Lessons I've Learned

I realized the other day that I had been a parent for almost ten years.   Ten years ago, I was seven months pregnant, and as I look back now, there's so much that I wish I had known.  I knew I wanted to be a mother, I knew I loved this baby more than anything, I knew I really liked buying the pretty little dresses.  I had grown up babysitting, so I knew how to burp a baby, how to swaddle and how to stay patient and calm with a fussy infant.  But I didn't really know how to be a parent.  Even after ten years, I know that there's still a lot to learn.  But there are some lessons that have managed to sink in over the past decade.

- You shouldn't count how many times you nurse your child, or how many times you kiss them. Do it as needed.  It's not something you'll ever regret.  

- Always read to your kids.  Not just before bed, but in general.  Make it a policy that when asked, you'll sit and read with them.  Fill your house with books, leave them in the car and keep them in the diaper bag.  Make it a coping technique, nothing stops a temper tantrum faster than my offering to read to my kids.

- Remind your kids that they are stuck with each other. That we are a family, and there's a connection there that's unbreakable. They don't have to love each other all the time, they don't even need to like each other all the time.  They do have to know that when the chips are down, their siblings are going to be there.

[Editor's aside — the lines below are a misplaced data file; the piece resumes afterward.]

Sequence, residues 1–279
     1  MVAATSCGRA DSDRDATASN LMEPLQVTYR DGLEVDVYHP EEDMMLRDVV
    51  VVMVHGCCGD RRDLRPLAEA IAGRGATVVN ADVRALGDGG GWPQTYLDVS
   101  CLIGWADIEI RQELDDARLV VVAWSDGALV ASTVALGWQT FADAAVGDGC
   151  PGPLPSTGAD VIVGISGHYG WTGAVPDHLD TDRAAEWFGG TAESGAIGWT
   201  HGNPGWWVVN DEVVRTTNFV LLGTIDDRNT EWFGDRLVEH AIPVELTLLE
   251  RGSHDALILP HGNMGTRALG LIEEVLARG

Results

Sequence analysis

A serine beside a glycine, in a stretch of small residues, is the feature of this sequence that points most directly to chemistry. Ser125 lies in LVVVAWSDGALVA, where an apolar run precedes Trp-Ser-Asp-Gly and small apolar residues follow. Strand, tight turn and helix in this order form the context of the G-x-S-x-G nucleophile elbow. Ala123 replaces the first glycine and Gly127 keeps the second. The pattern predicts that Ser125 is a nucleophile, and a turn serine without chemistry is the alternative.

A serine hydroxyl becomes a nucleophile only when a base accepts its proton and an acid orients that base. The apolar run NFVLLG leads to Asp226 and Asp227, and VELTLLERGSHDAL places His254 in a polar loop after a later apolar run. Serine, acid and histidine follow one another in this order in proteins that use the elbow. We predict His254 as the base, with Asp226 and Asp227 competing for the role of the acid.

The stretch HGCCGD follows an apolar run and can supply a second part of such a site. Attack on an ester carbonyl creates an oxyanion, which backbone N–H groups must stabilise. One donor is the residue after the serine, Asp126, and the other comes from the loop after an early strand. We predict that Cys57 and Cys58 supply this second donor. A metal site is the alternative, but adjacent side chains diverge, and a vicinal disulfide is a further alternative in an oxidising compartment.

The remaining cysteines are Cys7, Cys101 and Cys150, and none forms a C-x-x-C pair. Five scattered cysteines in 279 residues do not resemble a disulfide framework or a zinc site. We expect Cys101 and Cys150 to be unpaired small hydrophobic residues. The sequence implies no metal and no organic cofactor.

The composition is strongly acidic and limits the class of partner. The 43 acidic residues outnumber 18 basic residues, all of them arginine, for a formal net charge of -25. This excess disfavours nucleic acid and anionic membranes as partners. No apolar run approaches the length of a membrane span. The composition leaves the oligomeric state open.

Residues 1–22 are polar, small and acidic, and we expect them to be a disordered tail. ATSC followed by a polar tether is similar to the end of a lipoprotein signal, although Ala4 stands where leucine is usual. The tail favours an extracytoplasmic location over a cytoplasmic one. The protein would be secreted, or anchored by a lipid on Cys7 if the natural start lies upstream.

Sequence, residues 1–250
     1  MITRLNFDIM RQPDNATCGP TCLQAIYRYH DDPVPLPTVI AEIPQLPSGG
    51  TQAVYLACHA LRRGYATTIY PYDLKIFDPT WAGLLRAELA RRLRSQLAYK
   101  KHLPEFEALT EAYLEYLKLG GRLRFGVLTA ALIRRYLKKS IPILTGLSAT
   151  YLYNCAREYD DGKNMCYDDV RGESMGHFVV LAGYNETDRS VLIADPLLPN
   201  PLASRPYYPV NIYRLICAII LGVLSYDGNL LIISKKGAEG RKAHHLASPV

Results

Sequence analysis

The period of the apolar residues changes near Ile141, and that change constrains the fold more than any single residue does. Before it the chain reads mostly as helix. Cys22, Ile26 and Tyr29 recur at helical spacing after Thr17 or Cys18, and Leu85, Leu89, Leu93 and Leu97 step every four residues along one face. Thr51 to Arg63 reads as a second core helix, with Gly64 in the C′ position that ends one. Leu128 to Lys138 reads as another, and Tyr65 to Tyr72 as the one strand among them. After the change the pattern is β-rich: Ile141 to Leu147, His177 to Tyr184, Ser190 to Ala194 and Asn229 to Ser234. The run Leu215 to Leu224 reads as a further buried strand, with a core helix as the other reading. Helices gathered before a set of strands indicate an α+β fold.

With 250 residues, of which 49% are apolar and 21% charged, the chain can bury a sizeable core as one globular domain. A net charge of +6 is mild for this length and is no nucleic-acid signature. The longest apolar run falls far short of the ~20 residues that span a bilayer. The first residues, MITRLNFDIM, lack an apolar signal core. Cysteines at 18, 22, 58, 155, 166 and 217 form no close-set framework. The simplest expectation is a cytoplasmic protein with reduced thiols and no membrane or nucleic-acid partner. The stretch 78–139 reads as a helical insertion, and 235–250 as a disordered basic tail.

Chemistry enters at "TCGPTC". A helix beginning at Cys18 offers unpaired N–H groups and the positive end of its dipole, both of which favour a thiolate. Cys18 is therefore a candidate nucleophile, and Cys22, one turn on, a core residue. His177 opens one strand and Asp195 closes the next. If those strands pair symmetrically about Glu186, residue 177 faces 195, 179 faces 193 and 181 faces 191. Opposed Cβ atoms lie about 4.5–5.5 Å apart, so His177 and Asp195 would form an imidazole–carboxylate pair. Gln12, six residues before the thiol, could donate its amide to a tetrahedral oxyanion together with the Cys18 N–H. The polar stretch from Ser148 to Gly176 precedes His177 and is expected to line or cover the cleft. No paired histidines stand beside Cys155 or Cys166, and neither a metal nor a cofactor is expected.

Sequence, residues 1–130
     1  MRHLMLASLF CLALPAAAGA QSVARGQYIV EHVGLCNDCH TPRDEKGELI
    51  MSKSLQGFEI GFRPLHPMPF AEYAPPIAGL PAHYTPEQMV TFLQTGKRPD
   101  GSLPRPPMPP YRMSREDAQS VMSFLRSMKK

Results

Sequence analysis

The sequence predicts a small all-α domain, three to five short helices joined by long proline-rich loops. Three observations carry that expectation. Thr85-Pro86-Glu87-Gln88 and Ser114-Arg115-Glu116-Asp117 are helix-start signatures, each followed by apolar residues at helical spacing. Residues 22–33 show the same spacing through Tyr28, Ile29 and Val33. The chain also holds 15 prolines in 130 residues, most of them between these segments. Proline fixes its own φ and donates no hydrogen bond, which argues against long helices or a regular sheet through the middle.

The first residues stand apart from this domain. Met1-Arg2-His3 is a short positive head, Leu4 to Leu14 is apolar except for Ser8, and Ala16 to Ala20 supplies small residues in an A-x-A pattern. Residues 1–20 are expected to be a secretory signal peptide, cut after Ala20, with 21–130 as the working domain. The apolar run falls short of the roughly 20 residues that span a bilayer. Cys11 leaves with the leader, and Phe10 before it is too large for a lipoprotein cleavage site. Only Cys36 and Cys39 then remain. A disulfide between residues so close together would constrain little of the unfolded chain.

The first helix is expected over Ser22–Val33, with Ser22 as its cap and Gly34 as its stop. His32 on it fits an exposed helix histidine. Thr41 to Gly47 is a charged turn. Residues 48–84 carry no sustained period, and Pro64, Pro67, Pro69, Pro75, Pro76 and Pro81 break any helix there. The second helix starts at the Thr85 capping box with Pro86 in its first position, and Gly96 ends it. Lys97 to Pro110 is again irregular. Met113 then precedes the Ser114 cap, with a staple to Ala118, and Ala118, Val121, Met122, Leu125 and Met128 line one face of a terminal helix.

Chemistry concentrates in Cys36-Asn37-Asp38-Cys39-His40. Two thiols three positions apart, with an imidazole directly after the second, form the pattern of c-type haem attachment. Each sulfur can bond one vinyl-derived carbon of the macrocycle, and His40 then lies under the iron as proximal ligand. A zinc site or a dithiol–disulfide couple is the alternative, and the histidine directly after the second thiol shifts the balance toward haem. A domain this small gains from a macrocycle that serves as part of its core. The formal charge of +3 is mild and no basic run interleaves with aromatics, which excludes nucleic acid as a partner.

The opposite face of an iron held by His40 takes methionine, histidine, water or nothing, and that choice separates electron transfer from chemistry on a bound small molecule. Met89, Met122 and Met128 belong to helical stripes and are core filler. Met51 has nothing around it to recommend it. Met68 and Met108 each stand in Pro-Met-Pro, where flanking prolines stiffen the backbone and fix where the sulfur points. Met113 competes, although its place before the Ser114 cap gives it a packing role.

- Potty training is just messy.  As much as you can, let your child lead the way on this one.  But know ahead of time, there's going to be naked toddlers, urine everywhere and a lot of mopping and carpet/upholstery cleaning in your future.  Hopefully, it won't last long, but there's no way to avoid it.

- Nighttime dryness is not something you can achieve by limiting drinks, waking the child up in the middle of the night to go, or sacrificing to the God of Dry Sheets.   I've got three kids, one was dry at night before daytime dry, one got it just after mastering using the potty during the day, and one routinely wet the bed until kindergarten.  It's developmental, don't make a big deal about it.  It'll happen when it happens.  

- Pay attention to a child's diet over a week, not over a day.  

- As much as you can, encourage your child to play independently. Don't appoint yourself the cruise director, in charge of their entertainment.  

- Create traditions. The ones that everyone celebrates are a good start, Shabbat dinner, or Passover Seders, and Rosh Hashanah apple picking.  But traditions you create as a family, special hooky days from school on their birthdays - or Chinese food on election day to celebrate the right to vote, or the night every year that you put on jammies and drive them around looking at Christmas lights until they fall asleep. Those are the traditions that they'll pass down to their kids.

- Put your kids first. Because nobody else is going to consider their best interests in making plans or decisions, and they deserve that. It doesn't always have to be the deciding factor, but always consider them before making decisions.

- It doesn't take a village, it takes dedicated, devoted and thoughtful parents. Pay attention to their world, and make intelligent determinations about the childhood you want them to have.